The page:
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Analyzing the 2014 Draft First Round

By Paul Ryan |  1/14/14 2:30 PM

Analyzing the 2014 Draft First Round


The MLL Draft has come and gone, with 64 college seniors having potential homes at the end of the NCAA season. However, only eight of those players could go in the first round. Here’s a breakdown of how each first rounder (and the Bayhawks first pick, No. 21 overall) would fit into their new team, should they decide to join the league.

#1 Tom Schreiber – Midfield – selected by the Ohio Machine – Princeton

No surprise here. The Machine’s immediate need came at midfield and luckily for them, that was the position of the best player available. With the likes of Logan Schuss, Steele Stanwick and Marcus Holman at attack, the Machine had to solidify their midfield. With the addition of a player of Schreiber’s caliber, the position of midfield could become a strength for the Machine if he joins them.

#2 Jordan Wolf – Attack – selected by the Rochester Rattlers – Duke

The Rattlers needed an offensive weapon to replace the loss of Ned Crotty. Jordan Wolf fills that hole. Rochester scored 152 goals all of last year, third fewest in the league. Wolf himself scored 57 at Duke in his junior year and has racked up 120 in his career. Should he join the Rattlers, he will link up well with Kevin Leveille and Steven Boyle up front.

#3 Joe Fletcher – Defense – selected by the New York Lizards – Loyola

Head coach Joe Spallina has been adding talent everywhere this offseason, building up for a possible championship run. The one place he hadn’t improved was at defense, but that all changed on Friday night. Spallina took Fletcher with the third overall pick, who is a First-Team All American that can cover with the best of them. If Joe Fletcher joins the Lizards this year, look for Drew Adams goals against to go down – way down.

#4 Luke Duprey – Defense – selected by the New York Lizards – Duke

Again, the Lizards needed defense, so they took back-to-back defensemen with their two high first round picks. While Fletcher is more of a Tucker Durkin-type, Duprey is a lot more like Joe Spallina’s brother Brian – a rugged, hard-nosed bruiser. The Lizards could afford to use some meanness and Duprey certainly brings that to them. Duprey is also a winner, as he helped Duke win the NCAA title last year.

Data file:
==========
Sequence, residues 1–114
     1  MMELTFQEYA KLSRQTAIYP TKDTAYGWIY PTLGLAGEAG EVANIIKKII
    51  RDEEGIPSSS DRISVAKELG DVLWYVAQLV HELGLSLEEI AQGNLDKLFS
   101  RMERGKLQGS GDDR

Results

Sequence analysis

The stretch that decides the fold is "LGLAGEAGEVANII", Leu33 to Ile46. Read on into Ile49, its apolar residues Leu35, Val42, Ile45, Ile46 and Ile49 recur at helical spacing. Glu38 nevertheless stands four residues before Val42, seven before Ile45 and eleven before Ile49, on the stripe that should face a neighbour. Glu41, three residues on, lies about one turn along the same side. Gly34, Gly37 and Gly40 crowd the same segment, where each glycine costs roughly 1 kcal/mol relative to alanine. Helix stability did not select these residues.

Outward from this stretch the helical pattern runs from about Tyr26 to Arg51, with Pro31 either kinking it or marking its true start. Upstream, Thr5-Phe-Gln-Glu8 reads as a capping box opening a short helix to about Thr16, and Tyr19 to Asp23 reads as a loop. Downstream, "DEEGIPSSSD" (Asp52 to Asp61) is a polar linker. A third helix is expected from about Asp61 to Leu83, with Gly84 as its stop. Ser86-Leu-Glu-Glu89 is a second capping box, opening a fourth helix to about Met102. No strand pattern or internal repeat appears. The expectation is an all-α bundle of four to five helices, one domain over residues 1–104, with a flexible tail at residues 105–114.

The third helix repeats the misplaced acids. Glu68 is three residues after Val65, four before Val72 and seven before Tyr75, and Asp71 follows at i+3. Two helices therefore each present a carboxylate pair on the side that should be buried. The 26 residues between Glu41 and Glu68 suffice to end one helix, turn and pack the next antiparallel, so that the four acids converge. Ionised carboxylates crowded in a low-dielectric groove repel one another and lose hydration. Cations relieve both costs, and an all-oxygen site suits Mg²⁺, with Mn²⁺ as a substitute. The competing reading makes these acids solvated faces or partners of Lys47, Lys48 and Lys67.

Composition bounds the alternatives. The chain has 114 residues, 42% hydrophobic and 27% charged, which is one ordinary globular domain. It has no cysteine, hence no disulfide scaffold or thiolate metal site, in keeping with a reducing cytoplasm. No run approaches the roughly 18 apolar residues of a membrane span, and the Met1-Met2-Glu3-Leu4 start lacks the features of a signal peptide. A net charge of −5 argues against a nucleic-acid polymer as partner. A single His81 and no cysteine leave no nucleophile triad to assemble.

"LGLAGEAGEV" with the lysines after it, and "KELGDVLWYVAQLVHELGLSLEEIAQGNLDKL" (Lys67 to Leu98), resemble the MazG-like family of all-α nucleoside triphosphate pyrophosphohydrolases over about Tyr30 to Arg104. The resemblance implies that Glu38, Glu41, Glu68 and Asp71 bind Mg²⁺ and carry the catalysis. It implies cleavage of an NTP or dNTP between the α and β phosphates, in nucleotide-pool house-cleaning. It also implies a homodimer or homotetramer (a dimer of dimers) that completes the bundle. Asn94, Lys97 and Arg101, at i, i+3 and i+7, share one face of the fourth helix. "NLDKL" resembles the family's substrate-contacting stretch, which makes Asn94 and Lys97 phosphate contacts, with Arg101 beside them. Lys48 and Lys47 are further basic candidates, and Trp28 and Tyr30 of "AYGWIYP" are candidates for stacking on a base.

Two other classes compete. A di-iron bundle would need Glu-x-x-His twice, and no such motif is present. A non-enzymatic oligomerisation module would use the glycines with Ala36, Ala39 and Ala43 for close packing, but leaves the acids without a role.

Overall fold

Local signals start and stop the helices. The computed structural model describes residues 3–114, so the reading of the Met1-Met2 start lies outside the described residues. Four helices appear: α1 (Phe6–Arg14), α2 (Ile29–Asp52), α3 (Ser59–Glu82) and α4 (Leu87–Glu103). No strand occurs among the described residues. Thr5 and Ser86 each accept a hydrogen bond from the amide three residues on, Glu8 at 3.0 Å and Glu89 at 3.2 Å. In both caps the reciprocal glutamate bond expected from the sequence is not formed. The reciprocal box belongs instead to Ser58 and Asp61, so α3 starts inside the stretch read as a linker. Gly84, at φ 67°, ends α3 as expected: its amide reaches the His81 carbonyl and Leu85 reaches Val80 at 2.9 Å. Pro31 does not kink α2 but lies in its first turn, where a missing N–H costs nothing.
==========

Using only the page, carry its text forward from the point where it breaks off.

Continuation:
#5 Kieran McArdle – Attack – selected by the Florida Launch – St. Johns

The Launch needed to replace the production of Joe Walters – who was traded earlier this offseason for Casey Powell – and did so by drafting Kieran McArdle with their first-ever pick. Walters led the league last season with 26 assists. Conversely, McArdle led all of Division I with 3.77 assists per game (49 assists). McArdle is a fantastic distributor of the ball and would be delightful to watch alongside Kevin Crowley and Kevin Cunningham should he join the Launch.

#6 Jeremy Noble – Midfield – selected by the Denver Outlaws – Denver

The Outlaws have strength at nearly every position, but if they could use an upgrade anywhere, it’s in the midfield. Their selection of Jeremy Noble with the sixth overall pick makes sense for several reasons. First off, Noble’s currently playing for the University of Denver, so he wouldn’t have to go very far if he decides to play for the Outlaws. Second, he adds some more offensive punch behind guys like Chris Bocklet. Third, he has some chemistry with other guys on the team, playing with Eric Law in college and on Canada’s preliminary roster with John Grant Jr.

#7 Michael Ehrhardt – Defense – selected by the Charlotte Hounds – Maryland

The Hounds had a wildly successful second season last year, as they made an appearance in the Championship Game against the Chesapeake Bayhawks. However, they still only finished 7-7 and gave up the third most goals against of any team. Their defense needed a tweak and Ehrhardt would give them that extra bump they need. Plus, should the 6-foot-5 Ehrhardt join the Hounds, he would likely play alongside the 6-foot-6 Ryan Flanagan. Talk about scary for opposing players.

#8 Scott McWilliams – Defense – selected by the Boston Cannons – Virginia

The Cannons were the only team to allow more than 200 goals last year, so it’s pretty safe to say they needed a defenseman. McWilliams is arguably the best defender in the draft at creating havoc for opposing players, as his 2.4 caused turnovers per game ranked fourth in Division I. Much like Adams with the Lizards, look for Jordan Burke’s numbers to improve this year should McWilliams join the squad. 

#21 Matt Harris – LSM – selected by the Chesapeake Bayhawks – Syracuse

The Bayhawks traded their first round selection to the Denver Outlaws back in September (the pick ended up with Boston) so their name wasn’t called until the third round. Chesapeake is stacked at nearly every position, so the Bayhawks decided to go with a long stick midfielder in Matt Harris out of Syracuse. Harris is a perfect fit for the Bayhawks black-and-blue style and is the type of complimentary player Coach Cottle builds his championship teams around.  



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